Dwyane Wade is a free agent again. He’s agreed to a buyout of the remaining year on his contract with the Chicago Bulls, according to K.C. Johnson of the Chicago Tribune.
That frees Wade to join a contender, which was long expected once the Bulls traded Jimmy Butler and committed to a rebuilding effort. A reunion with LeBron James and the Cavaliers is possible, but the Spurs are in the mix, as is a reunion with the Miami Heat, according to ESPN’s Adrian Wojnarowski.
Sources: Cleveland, San Antonio and Miami are leaders for Dwyane Wade post-Bulls buyout. OKC could become factor too.— Adrian Wojnarowski (@wojespn) September 25, 2017
Cleveland's clear frontrunner with LeBron James, but Wade may take a little time to decide, league sources tell ESPN. https://t.co/onXPOeaYfG— Adrian Wojnarowski (@wojespn) September 25, 2017
Wade gave back about a third of his salary to become a free agent, according to Wojnarowski.
Dwyane Wade gave back approximately $8M of his $23.8M salary to reach buyout agreement with Bulls, league sources tell ESPN.— Adrian Wojnarowski (@wojespn) September 25, 2017
This was destined to happen
Wade signed a two-year, $49 million contract with the Bulls in the summer of 2016, with a player option for the second year for $24 million. When the Bulls traded Butler to the Timberwolves during the NBA draft, that threw Wade’s future with the franchise into doubt.
But rather than opt out and find a new team then, Wade elected to pick up his $24 million option.
Asked Dwyane Wade tonight why he opted in with Chicago for 2017-18: "24 million reasons."— David Aldridge (@daldridgetnt) June 21, 2017
That specific comment came before the Butler trade, but he stuck to his guns even after Butler’s departure.
That posed an interesting dilemma for the Bulls at the time, as Tom Ziller wrote:
The Bulls aren’t going to win anything in 2017-18, and at 35 years old, Wade has a limited amount of time to both make money and compete for a fourth championship. Wasting a season in Chicago after what was arguably a wasted season last year is not tenable.
Wade’s a professional, but it’s not a good situation for young players like Zach LaVine and Kris Dunn. A miserable, impatient Wade playing for a team that doesn’t really want him anymore is an ugly combination, even if everyone tries their best to keep it positive.
Trading a player of D-Wade’s stature while he’s making $24 million is tough. The intersection in the Venn diagram of teams that can absorb that kind of salary (through cap space or with non-obtrusive outgoing contracts) and teams that could use Wade’s still-potent scoring and veteran moxie is small.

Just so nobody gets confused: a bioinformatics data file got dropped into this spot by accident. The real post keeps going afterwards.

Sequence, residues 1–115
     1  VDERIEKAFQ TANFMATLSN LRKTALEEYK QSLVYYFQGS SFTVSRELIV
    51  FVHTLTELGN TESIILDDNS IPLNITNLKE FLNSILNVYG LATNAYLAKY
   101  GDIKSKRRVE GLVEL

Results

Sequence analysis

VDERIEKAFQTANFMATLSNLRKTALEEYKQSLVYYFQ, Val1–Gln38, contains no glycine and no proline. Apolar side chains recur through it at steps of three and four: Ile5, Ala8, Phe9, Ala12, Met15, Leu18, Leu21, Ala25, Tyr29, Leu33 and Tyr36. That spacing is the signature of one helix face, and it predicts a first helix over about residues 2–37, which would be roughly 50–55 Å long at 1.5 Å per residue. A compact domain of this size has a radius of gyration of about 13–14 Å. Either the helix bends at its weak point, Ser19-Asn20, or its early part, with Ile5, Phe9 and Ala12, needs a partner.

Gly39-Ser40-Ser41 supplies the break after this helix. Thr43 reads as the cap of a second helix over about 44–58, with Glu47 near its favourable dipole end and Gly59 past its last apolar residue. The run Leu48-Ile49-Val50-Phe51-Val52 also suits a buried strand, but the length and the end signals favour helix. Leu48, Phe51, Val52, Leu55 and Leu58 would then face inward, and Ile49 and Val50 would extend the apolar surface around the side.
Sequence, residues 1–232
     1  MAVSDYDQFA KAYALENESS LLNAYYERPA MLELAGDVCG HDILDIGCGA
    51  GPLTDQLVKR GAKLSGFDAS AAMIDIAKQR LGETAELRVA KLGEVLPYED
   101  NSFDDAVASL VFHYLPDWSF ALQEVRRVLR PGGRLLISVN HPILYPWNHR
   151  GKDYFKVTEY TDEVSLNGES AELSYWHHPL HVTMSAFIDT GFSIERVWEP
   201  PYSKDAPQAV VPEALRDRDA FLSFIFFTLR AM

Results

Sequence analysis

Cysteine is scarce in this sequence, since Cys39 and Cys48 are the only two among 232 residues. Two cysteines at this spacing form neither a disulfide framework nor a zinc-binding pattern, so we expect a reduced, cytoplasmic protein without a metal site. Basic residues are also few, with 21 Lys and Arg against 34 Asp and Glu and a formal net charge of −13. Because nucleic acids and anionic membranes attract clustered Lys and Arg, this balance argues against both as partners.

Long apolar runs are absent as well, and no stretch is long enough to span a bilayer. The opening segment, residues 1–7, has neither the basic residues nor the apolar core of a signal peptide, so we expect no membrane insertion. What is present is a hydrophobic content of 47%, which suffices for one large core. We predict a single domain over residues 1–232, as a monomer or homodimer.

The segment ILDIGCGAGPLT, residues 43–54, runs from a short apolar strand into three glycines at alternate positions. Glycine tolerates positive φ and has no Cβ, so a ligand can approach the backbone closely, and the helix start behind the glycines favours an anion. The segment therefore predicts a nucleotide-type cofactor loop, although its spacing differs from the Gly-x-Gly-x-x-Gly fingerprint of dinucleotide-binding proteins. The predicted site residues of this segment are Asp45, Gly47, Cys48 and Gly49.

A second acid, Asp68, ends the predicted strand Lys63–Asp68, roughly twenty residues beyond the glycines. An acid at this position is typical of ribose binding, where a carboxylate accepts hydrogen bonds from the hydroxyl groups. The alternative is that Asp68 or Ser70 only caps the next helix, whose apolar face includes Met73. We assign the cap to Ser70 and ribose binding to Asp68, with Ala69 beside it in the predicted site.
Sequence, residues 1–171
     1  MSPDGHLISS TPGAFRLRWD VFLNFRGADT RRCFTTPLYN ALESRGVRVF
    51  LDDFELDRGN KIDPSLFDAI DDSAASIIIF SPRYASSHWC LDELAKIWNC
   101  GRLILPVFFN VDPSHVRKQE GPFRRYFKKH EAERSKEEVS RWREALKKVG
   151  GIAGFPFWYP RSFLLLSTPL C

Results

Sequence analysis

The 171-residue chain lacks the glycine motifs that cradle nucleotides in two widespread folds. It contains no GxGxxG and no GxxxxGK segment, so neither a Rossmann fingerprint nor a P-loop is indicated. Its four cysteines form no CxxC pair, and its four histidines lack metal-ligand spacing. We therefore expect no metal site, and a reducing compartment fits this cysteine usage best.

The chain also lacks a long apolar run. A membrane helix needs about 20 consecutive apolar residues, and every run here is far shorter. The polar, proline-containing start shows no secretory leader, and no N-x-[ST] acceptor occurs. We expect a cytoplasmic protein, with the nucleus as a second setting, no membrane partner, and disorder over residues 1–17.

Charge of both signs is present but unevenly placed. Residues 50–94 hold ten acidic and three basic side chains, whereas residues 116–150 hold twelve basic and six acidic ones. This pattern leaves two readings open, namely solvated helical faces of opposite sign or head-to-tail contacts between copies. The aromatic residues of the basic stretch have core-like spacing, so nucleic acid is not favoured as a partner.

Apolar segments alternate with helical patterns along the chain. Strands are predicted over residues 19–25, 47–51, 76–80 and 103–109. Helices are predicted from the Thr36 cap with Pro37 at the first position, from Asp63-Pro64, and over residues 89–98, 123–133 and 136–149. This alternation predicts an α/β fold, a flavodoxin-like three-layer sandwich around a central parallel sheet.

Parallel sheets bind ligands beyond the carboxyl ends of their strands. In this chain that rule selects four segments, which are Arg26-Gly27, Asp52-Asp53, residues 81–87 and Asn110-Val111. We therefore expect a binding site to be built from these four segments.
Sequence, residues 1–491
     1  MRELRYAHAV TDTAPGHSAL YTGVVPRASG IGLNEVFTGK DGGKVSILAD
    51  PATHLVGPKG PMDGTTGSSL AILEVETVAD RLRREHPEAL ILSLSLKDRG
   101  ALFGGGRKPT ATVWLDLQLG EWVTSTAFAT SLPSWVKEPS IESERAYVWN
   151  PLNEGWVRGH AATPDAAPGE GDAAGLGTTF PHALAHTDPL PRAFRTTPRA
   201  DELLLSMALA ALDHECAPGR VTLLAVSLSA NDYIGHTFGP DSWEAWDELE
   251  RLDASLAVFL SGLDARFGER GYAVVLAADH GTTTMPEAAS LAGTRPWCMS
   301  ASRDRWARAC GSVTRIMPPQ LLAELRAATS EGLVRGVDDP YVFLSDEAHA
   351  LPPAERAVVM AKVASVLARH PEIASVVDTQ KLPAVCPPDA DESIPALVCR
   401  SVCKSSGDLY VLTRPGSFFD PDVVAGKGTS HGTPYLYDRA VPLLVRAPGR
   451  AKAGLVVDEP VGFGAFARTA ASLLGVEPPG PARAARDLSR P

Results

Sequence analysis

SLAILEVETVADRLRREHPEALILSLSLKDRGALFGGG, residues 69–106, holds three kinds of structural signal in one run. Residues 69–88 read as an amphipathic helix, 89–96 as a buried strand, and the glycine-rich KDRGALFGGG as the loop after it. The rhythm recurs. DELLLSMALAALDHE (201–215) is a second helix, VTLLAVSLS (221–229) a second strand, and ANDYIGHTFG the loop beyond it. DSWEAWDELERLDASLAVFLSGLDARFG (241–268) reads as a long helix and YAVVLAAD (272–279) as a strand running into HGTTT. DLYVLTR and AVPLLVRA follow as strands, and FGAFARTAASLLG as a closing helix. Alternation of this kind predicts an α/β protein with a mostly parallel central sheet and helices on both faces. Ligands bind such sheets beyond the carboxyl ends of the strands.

Both sides seemed headed toward a buyout, but the timing was up in the air. In late August, ESPN’s Nick Friedell reported that Wade “isn’t long for the organization’s future” and that a buyout was inevitable, if not close to imminent.
All stayed quiet until just before training camp. John Paxson, the Bulls’ team president, told 670 The Score that the Bulls were “more than willing to work with [Wade]” on a buyout, but it needed to be in “our best interest.”
That apparently was an $8 million giveback on his $24 million salary.
So where does Wade go now?
A reunion with good friend LeBron James in Cleveland is the likeliest scenario. Some close to James were “fairly confident” Wade would end up with the Cavaliers at some point, according to Cleveland.com’s Joe Vardon. The Cavaliers have about $2.6 million remaining from the taxpayer mid-level exception to offer Wade after using the rest to sign former second-round pick Cedi Osman.
There are other options. San Antonio looms in the background and can offer Wade the bi-annual exception of $3.3 million with no state income tax. The Thunder are an option after acquiring Wade’s good friend Carmelo Anthony in a trade.
Don’t completely rule out a return to Miami too, as surprising as that may seem. Pat Riley spoke highly of Wade in a recent press conference.
"I feel great about our relationship that we had over the 13 years," Riley said, via the Associated Press. "And anything that happens from a personnel standpoint down the road, or any opportunities that are there, we're always going to approach that. But right now he's under contract. He's under contract with Chicago, and I wish him the very best."
That still appears to be a long shot, but stranger things have happened.